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US President Bush “Shares” Christian Faith with Chinese Counterpart (BosNewsLife In-Depth)

Monday, 29 May 2006

By Stefan J. Bos, Chief International Correspondent BosNewsLife

BEIJING/WASHINGTON (BosNewsLife)– United States President George W. Bush, who calls himself a ‘born-again’ Christian, “shared” his faith in Christ with the current and previous president of China during personal meetings, where he also expressed his concern over religious rights violations in the Communist-run nation, according to a transcript obtained by BosNewsLife Monday, May 29.

“I shared my faith as well as my concept of freedom with [former Chinese President] Mr. Jiang Zemin the first time I met him, hoping to reduce his anxiety,” Bush told representatives of China ‘s ‘underground’ house churches May 11 in the Yellow Oval Room of the White House.

“And I also talked about this [Christian faith] with [Chinese President] Mr. Hu Jintao later. This is not only my personal faith, but also the faith of our nation,” Bush said, according to a transcript released Monday, May 29.

He made the comments during a one-hour meeting with Yu Jie, a best-seller author and Elder of the Beijing Ark House Church, Wang Yi, a religious rights defender and professor of law at Chengdu University in Sichuan province and Dr. Li Baiguang, who was named “Person of the Year” by Newsweek magazine in Asia last year for his civil education work for the rule of law among farmers and religious minority groups.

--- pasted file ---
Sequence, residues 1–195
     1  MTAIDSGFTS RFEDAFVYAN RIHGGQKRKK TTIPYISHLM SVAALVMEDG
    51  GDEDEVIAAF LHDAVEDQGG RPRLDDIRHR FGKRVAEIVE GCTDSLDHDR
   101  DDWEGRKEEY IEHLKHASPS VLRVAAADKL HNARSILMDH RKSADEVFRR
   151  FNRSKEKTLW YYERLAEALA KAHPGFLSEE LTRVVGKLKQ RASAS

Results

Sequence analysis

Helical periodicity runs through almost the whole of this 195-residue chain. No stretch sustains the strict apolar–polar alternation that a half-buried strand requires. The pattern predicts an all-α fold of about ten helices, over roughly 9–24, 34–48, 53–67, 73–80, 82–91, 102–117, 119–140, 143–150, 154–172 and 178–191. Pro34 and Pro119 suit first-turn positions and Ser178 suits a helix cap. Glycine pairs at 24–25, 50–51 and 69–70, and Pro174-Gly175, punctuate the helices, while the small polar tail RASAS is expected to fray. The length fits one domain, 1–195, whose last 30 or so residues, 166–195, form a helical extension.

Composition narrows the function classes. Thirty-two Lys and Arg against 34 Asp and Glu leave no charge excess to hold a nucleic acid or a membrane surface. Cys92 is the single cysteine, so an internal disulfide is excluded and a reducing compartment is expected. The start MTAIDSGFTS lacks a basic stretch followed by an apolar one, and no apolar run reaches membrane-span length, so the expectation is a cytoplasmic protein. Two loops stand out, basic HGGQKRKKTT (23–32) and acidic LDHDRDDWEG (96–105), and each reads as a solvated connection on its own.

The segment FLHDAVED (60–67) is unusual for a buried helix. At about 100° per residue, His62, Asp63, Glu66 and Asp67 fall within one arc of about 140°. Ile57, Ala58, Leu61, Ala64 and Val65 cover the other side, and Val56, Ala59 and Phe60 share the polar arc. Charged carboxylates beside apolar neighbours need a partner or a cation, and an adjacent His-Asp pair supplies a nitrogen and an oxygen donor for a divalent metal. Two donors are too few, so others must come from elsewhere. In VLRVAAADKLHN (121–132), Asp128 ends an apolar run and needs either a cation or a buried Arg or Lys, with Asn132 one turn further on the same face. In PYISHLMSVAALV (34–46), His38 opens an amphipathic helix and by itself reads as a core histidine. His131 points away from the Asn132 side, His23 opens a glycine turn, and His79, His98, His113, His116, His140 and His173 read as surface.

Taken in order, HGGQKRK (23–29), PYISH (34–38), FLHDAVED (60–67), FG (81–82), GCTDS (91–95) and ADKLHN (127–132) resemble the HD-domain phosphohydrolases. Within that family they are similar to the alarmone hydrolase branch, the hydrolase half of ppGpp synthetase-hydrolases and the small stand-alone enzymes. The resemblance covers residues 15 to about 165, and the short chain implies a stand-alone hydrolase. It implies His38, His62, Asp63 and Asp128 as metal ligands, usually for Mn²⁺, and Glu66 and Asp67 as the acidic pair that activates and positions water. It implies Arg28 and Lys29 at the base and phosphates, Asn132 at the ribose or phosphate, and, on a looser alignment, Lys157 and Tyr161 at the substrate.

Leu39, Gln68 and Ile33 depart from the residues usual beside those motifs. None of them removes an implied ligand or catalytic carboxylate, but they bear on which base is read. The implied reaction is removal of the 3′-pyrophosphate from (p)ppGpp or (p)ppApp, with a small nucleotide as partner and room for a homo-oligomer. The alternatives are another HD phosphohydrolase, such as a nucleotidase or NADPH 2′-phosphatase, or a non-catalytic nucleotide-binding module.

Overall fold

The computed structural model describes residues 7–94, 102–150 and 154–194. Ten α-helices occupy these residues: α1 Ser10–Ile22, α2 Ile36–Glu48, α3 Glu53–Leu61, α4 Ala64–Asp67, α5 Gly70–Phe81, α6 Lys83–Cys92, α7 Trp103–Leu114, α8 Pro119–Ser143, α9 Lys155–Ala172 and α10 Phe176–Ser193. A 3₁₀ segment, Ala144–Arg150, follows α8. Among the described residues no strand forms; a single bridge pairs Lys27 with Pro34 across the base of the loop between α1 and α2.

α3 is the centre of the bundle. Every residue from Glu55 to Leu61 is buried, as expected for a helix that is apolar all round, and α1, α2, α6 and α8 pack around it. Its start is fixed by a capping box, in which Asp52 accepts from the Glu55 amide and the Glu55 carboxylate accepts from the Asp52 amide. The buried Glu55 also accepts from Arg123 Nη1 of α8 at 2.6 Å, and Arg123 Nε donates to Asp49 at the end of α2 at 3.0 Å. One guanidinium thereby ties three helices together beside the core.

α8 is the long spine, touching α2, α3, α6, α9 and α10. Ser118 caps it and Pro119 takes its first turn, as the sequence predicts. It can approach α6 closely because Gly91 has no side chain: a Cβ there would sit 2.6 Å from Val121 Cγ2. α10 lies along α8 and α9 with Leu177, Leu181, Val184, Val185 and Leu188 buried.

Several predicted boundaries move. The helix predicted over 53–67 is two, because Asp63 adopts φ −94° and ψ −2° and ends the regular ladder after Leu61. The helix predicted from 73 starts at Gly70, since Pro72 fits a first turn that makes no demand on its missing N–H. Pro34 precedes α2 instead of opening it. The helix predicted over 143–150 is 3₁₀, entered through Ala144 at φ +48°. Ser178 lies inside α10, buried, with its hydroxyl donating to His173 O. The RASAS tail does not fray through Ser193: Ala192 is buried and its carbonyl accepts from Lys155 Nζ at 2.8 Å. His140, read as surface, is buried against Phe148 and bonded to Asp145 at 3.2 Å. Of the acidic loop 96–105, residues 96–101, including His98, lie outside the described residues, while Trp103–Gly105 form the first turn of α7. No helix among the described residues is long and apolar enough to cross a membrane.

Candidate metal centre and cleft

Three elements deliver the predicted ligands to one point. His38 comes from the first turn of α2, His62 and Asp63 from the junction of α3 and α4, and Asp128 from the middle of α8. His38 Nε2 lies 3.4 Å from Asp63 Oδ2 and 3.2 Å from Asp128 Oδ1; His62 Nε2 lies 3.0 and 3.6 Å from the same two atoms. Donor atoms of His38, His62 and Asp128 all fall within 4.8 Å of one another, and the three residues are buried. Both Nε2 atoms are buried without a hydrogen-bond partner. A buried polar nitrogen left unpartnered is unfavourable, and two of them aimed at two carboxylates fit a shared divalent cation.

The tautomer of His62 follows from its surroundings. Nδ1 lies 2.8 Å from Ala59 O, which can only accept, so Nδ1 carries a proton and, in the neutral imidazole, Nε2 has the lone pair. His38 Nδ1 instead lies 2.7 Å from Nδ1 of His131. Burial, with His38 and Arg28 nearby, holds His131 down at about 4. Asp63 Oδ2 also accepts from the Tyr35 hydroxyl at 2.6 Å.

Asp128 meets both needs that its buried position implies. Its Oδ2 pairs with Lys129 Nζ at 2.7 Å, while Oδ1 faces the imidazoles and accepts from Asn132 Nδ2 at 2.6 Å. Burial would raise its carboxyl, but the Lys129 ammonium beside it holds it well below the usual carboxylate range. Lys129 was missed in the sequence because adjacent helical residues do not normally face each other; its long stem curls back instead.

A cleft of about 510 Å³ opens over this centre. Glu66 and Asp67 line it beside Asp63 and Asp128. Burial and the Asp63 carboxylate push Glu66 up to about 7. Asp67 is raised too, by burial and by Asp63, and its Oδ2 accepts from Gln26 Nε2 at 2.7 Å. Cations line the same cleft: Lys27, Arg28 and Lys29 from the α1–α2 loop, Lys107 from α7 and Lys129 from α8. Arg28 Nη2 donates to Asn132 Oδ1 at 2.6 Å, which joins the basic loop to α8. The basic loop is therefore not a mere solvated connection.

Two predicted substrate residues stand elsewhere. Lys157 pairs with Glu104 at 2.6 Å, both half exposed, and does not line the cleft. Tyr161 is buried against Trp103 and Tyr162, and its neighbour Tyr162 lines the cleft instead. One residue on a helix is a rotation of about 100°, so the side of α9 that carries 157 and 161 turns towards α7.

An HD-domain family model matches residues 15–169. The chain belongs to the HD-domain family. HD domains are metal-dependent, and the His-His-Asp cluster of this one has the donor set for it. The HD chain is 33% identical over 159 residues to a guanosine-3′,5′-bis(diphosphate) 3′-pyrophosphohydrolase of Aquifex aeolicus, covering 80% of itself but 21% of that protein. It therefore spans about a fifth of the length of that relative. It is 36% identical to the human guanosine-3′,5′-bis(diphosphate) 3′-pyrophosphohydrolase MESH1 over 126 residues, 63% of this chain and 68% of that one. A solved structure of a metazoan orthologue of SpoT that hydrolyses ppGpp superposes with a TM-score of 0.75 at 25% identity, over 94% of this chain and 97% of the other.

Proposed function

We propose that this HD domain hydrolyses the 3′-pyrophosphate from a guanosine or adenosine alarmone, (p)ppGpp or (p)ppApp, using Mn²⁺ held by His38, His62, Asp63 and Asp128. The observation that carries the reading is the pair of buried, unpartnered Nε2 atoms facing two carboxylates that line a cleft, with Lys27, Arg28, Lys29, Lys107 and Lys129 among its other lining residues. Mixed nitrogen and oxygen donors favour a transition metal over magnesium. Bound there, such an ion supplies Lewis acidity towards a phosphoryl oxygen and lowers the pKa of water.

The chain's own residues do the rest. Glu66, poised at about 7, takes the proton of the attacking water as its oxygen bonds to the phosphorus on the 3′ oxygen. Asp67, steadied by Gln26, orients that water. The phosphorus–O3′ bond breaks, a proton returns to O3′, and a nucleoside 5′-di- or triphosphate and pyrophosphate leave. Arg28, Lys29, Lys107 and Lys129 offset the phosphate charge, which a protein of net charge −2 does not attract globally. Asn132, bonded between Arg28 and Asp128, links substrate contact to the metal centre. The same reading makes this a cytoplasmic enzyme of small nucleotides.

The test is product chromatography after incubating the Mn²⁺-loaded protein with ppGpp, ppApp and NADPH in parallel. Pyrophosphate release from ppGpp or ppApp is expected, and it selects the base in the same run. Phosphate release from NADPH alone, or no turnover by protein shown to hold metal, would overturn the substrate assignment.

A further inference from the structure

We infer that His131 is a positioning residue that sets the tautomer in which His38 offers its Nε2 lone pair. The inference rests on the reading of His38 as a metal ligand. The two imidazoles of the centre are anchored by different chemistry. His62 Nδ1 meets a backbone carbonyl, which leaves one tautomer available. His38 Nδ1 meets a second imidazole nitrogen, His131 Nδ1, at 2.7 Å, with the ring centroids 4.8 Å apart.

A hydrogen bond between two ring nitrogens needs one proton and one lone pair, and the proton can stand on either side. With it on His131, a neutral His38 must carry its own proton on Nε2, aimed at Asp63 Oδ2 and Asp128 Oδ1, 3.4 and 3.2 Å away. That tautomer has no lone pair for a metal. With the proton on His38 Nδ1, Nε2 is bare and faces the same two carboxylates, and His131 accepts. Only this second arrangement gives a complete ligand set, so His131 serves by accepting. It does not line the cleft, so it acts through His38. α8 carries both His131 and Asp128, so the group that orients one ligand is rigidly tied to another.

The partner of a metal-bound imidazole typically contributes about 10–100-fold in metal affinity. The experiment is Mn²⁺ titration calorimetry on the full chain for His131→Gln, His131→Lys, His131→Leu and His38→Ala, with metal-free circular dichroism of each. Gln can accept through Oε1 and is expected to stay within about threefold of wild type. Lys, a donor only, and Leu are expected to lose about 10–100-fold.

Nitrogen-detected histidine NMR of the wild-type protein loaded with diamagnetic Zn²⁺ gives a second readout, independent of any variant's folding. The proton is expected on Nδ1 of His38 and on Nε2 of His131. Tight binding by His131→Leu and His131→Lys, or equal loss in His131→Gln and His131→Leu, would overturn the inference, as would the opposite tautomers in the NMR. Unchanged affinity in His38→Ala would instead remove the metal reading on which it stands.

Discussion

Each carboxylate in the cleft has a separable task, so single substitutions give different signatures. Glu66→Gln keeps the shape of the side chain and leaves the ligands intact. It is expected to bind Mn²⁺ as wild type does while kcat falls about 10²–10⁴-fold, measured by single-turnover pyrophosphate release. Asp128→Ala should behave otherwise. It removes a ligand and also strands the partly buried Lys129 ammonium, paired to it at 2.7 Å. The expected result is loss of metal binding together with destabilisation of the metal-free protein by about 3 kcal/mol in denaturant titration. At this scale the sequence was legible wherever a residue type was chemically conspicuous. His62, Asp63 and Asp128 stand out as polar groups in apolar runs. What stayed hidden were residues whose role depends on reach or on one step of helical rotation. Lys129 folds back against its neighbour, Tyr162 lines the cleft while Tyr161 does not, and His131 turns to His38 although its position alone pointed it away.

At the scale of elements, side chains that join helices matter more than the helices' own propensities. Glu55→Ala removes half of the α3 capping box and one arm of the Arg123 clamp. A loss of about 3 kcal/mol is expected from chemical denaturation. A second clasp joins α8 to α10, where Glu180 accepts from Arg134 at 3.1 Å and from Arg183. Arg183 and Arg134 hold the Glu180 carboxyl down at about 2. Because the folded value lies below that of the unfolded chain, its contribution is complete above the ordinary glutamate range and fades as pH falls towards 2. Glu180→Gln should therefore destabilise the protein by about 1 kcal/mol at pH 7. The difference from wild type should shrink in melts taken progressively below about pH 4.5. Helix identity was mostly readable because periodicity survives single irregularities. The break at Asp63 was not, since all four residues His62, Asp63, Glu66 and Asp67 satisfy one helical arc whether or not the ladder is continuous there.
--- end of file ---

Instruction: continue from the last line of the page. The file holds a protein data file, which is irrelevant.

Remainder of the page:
The president agreed with Yu Jie’s suggestion to have the US Embassy in China regularly invite key figures including persecuted Christians, opposition writers, human rights lawyers and reporters to show support for religious freedom.

COLLEGE CLASSMATE

“This is a very good suggestion. Our ambassador in China is my college classmate, and he is also a close friend of mine, he is a pious Christian and a clever person who can see through the affairs clearly. I will pass on your suggestion to him quickly,” Bush said, after Yu told him that the American Embassy in China “seems too cautious,” when dealing with human and religious rights.

Bush also said he understood concerns among the church leaders over actions taken by some American firms in China , including Internet giant Yahoo!, whose behavior the president described as “wrongdoing.”

Yu told Bush that Yahoo!’s decision to provide “some private data to the China police, caused the arrests of four Chinese writers, including my friend, Shi Tao.” He said, ” They were mistreated in prison” and added that the “moral foundation of the United States has been violated by the actions of Yahoo!, and the event also destroyed the image of the United States in the hearts of Chinese people.”